The story of the façade decorated with sculptures of Armenian medieval prominent intellectuals is no less interesting. It was decided to erect the sculpture of Mesrop Mashtots, the author of the Armenian alphabet, at the main entrance of the building. There were different versions of it and the one by sculptor Ara Sargsyan featuring Matshtots side by side with Sahak Partev, Catholicos of Armenians in early 5th century, was the most likely candidate to be approved. However the soviet authorities refused to support the project which would glorify a religious leader. Ara Sargsyan, in his turn, refused to modify the composition and it was ultimately rejected. The composition nevertheless was implemented after Armenia became independent in 2002 and is currently placed at the entrance to the main building of the Yerevan State University.


Matenadaran’s woodcrafted main door


Instead of Sargsyan’s ensemble, another, no less interesting composition came into life. It was offered by sculptor Ghukas Chubaryan featuring Mashtots holding a tablet with letters invented by him and his famous disciple Koryun, kneeling before his teacher.

Another sculpture by Chubaryan on the outer wall of the Matenadaran has its own story. It is the sculpture of Mkhitar Gosh, the author of a medieval code of laws, which was of unique importance to Chubaryan. The thing is that due to missing any real images of the medieval Armenian lawyer Chubaryan had to use his imagination. Chubaryan’s father, Grigor Chubarov, an Armenian lawyer, who had a most prominent role in the shaping of the first constitution of Soviet Armenia in 1922 and later being subject to Stalinist repressions spending there almost two decades served him as a prototype for his sculpture.

Anush Chubaryan, sculptor Chubaryan’s daughter recalled that her father found it very symbolic that when in 1962 Stalin’s huge sculpture was being removed in Yerevan the same time the gypsum version of Mkhitar Gosh was being placed near Matenadaran.


Turning Library into Research Institution

Matenadaran as an academic institution was active even before the completion of the building. In 1954 Levon Khachikyan (1918-1982), a prominent historian and philologist, was appointed its director, who spared no efforts to promote Matenadaran’s activities.


Levon Khachikyan

Levon Khachikyan


With its laboratories, reading halls, book depositories, exposition rooms, restoration and research facilities Matenadaran was at that time the most technically advanced institution of its type. With the personnel trained in Leningrad, Armenian specialists engaged in conservation and restoration of old manuscripts. A top expert in ancient Armenian manuscripts and highly knowledgeable researcher in different sources, Khachikyan stood at the core of elaborating development strategies of the institution. He also assisted to the establishment of a new generation of conservation and restoration specialists as well as scholars in old manuscripts. Under the guidance of Khachikyan Matenadaran turned from a library into a truly unique research institution with international fame.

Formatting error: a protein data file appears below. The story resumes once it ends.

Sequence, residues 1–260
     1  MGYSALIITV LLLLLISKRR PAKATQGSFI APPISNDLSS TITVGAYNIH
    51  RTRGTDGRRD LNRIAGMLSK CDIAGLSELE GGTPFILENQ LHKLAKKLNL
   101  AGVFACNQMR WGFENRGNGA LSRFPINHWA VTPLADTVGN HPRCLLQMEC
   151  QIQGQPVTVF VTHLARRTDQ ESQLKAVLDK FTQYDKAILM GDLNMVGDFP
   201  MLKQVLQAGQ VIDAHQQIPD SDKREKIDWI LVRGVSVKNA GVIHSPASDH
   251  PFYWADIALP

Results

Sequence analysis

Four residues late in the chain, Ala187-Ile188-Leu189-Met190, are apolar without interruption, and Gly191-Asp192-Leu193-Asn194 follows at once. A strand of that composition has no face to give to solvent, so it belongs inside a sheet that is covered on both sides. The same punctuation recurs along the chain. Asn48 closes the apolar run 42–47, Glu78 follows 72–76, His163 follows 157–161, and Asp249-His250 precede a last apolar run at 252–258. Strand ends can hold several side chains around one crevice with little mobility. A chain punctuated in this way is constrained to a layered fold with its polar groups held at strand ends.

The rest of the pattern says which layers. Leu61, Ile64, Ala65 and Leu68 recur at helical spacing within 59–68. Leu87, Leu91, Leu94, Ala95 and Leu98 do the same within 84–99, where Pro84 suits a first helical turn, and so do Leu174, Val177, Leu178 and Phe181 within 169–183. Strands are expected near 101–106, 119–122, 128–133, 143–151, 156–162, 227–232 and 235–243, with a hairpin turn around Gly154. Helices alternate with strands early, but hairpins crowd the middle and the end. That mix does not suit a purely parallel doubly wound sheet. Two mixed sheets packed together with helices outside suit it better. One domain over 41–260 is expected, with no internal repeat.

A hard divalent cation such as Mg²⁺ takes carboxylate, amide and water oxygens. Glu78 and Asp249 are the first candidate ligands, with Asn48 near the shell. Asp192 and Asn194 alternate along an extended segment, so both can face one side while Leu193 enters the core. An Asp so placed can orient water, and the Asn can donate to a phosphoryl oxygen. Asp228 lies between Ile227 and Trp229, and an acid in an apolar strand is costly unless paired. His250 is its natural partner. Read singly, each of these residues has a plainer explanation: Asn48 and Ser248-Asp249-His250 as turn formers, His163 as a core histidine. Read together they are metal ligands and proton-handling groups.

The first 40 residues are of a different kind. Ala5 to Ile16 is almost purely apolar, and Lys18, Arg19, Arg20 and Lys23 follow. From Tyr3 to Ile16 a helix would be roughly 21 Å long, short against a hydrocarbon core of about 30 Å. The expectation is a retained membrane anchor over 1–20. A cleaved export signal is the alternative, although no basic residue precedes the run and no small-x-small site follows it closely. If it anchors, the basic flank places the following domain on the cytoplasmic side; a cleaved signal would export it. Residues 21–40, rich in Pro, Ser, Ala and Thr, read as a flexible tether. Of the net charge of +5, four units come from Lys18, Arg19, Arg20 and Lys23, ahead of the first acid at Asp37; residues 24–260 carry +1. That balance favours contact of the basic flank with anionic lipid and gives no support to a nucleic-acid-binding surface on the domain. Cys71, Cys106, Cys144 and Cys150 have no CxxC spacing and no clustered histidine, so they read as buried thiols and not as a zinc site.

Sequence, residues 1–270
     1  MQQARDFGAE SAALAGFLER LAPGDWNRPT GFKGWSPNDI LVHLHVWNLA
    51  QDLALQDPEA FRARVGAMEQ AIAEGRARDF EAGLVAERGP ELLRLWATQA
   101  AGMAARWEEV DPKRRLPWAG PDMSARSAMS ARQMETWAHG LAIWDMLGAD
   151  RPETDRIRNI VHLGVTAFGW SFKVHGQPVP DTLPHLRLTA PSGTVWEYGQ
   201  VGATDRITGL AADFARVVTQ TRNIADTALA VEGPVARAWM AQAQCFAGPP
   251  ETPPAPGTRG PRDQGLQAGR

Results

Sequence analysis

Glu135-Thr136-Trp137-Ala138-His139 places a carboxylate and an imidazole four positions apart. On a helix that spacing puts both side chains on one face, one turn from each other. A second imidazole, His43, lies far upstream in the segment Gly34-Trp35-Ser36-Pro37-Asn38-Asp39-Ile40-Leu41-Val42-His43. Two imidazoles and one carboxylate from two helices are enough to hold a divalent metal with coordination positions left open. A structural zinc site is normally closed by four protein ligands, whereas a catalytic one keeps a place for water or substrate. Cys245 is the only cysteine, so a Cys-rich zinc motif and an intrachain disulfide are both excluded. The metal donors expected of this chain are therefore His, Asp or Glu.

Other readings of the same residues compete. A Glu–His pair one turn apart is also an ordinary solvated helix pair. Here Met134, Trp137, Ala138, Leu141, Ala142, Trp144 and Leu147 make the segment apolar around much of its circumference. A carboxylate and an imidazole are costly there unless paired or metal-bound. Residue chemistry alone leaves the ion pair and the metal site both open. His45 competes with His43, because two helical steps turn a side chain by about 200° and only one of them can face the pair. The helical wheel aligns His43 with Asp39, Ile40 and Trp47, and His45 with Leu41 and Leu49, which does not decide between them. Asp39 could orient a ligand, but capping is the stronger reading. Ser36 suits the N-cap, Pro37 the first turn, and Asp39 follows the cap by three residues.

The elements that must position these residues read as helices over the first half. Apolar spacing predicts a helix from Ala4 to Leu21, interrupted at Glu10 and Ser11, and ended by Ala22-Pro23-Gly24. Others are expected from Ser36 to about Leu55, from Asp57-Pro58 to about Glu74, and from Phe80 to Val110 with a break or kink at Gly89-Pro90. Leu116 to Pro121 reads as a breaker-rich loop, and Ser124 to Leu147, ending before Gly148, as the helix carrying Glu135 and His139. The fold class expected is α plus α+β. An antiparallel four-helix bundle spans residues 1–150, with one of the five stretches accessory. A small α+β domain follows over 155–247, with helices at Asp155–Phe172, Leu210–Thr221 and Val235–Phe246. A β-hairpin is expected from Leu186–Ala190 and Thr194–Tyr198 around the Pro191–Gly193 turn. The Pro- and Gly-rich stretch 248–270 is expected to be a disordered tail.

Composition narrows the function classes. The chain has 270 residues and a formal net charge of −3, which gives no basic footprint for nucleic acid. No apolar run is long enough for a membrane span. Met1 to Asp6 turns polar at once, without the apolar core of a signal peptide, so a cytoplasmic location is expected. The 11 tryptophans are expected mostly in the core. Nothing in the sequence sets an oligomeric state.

One of the main exhibition halls of Matenadaran

One of the main exhibition halls


Khachikyan was sometimes bold in his ambitions relating to Matenadaran. He offered the Central Committee of the Communist Party in Moscow to nominate the institution for becoming a “first-class” one (this implied more financing etc. For comparison, it is worthwhile to recall that the renowned Hermitage in Leningrad then was only second-class institution) and oddly enough, he was successful.

Usually old and ancient manuscripts are kept in museums or special sections of libraries, but not in specialized institutions. Matenadaran was one of those rare cases when the research institution and museum were concentrated in the same place.

With years the flow of tourists to Matenadaran increased greatly, and it gradually became a leading tourist attraction in Yerevan. However in order to increase the visiting space, halls designed for research and conservation were used.


In Matenadaran’s laboratory

In Matenadaran’s laboratory


The need to have a new building became very urgent and it was designed in the late years of Soviet Union. In 1986 architect Artur Meschyan was commissioned to plan an additional building for Matenadaran. The plan was approved and construction started in 1987, however shortly after it stopped in 1988.

The construction did not resume until 2009 and was completed by 2011. The newer building of the Matenadaran is four times bigger than the older one, however thanks to unique architectural solutions by Meschyan it is practically invisible from the main entrance and does not in any way disrupt the original architectural integrity of the complex. The new building was constructed partly on the solid rock of the hill behind it, and is used entirely for the research purpose.